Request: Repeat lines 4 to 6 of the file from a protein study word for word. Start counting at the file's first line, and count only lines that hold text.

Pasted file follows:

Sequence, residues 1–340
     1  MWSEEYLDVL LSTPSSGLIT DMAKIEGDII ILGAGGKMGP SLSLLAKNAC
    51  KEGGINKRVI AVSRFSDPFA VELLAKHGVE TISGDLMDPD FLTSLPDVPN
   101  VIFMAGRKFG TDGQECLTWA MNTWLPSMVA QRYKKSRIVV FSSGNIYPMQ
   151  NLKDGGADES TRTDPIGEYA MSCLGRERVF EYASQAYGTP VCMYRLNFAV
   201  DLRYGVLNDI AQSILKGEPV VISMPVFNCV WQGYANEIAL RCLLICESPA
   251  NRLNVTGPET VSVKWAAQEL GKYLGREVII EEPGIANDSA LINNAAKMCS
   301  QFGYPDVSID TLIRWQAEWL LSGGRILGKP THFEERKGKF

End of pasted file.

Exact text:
   101  VIFMAGRKFG TDGQECLTWA MNTWLPSMVA QRYKKSRIVV FSSGNIYPMQ
   151  NLKDGGADES TRTDPIGEYA MSCLGRERVF EYASQAYGTP VCMYRLNFAV
   201  DLRYGVLNDI AQSILKGEPV VISMPVFNCV WQGYANEIAL RCLLICESPA